Many users will bring their own devices, which include smartphones and tablets as well as laptops.

Design Concept and Recommendations:

The room needs one section set up with computer stations and tables for students, at least one movable podium that can hold a monitor and computer controls for teachers, and another section set up with booths or tables for gamers, testers or loungers. The teacher or students at each workstation, table or booth need to see what's happening at the other workstations or booths, so we will install a document camera and video screens at each corner or side of the room, with controls at the podium and workstations, a movable smartboard/whiteboard in front of the room, and another movable one at the back of the room. We will need storage space for games and game pieces.

Floor Plan, Proposed Layout


Information Technologies

The name of the game for a games lab is reiteration. This concept of game design refers to the complete run through of development from design to program to user tests. We now have platforms available to us for the classroom that allow us to take an idea for a whole or partial game, create it and then test it with great rapidity. This process can be seen in the gaming consoles in the popular game Minecraft, in PCs in the game Second Life, and in mobile gaming as well. Accordingly, we've chosen hardware and software configurations that allow the room's users to go through the entire creation of a game or level in a short time, from inception to alpha and beta testing and feedback from people both currently and not currently using the room.


Sometimes the testing of game mechanics and game play don't require a digital platform. The space's physical tabletop gaming area with game pieces and other physical tools can also be utilized.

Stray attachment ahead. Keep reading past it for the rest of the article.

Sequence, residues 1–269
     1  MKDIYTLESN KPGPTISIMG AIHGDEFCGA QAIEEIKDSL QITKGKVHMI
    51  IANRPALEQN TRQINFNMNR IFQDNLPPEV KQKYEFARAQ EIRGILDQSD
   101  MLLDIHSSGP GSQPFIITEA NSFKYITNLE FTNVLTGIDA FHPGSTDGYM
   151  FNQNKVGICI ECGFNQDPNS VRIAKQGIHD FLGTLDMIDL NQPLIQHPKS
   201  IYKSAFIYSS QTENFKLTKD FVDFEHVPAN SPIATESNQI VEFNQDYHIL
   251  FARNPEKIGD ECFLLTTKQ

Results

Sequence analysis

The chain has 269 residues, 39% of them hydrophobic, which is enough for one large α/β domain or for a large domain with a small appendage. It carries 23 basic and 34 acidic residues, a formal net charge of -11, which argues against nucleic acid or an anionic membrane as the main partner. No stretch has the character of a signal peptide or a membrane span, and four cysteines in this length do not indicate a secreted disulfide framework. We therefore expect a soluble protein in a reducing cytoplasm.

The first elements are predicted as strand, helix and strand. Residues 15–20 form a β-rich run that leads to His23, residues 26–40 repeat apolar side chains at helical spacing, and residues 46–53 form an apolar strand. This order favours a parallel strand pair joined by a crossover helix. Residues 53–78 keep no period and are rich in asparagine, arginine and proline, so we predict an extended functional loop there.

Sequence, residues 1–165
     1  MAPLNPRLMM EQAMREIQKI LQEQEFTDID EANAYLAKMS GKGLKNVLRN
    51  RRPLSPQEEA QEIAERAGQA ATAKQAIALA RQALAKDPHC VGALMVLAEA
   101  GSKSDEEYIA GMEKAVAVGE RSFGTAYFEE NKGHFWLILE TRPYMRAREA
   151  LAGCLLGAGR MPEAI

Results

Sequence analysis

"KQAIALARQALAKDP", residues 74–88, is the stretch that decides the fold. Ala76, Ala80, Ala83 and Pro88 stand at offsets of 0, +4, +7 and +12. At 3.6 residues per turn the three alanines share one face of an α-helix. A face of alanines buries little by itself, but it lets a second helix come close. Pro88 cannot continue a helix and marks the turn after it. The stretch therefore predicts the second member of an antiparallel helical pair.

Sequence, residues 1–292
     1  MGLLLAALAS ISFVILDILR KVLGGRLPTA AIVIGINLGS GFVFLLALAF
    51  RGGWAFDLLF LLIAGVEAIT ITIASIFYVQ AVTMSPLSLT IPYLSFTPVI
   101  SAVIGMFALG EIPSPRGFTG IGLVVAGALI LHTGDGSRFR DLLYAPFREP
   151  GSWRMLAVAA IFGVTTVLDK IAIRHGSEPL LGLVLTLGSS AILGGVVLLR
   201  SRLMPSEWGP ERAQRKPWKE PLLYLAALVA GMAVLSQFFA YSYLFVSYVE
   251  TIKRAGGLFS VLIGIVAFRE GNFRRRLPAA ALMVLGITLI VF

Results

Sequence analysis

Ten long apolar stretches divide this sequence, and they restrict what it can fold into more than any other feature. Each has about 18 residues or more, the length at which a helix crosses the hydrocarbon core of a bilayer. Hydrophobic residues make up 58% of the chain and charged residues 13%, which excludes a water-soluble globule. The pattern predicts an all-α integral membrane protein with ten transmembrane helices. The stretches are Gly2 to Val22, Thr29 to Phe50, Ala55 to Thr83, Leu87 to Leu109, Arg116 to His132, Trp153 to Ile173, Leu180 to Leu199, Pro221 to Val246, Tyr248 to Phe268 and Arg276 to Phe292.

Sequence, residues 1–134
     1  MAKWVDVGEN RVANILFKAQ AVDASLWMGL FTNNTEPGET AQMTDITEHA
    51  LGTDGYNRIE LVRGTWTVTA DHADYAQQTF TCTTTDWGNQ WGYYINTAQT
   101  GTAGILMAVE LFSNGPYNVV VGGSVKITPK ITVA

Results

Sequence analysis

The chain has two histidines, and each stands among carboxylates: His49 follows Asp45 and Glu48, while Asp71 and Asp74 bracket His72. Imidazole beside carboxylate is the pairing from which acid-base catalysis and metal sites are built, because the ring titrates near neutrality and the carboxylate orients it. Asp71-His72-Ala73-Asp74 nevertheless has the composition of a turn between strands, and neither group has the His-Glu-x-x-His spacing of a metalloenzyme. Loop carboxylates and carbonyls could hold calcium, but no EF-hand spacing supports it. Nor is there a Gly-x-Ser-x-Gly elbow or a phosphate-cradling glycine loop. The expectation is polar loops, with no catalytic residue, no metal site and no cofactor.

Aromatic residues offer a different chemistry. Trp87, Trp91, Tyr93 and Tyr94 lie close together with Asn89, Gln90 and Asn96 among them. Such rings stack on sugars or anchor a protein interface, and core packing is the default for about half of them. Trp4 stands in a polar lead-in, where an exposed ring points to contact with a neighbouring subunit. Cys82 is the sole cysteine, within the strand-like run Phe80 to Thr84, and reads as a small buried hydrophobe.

Games are played on a variety of platforms. Therefore, this space will cover as many platforms as possible, while prioritizing those with the most potential for uses in learning.

This matrix of types of games and sub-categories of games helped inform the hardware choices:

Game Type

Microsoft Xbox
Sony Playstation
Steam OS

Microsoft 8.1
Mac OS
Steam OS
Microsoft 8.1

Role Playing
Role Playing

Using these platforms, the IT specialist brainstormed basic hardware requirements for the 4 major sections of the space. He then analyzed this matrix to see what games users might play, test or show, and on what platforms, in different areas of the room.

space usage.png
  • = These are changed, based on what devices were individually brought to the space

This exercise also shows how many students at a time can be involved with a particular step or activity in the space.


  • Workstation area:
    • 2-3 PCs installed with Microsoft 8.1
    • 2-3 Macs
  • Tabletop area:
    • document camera
  • Lounge:
    • none
  • Common:
    • projection/smartboard/whiteboard, one at the front of the room, one at the back, and both movable
  • Moveable:
    • 2x mobile TV stands on wheels with storage compartments
    • 1 with Xbox One, Apple TV, Miracast
    • 1 with PC(Steam OS) , Apple TV, MiraCast
  • The control booth: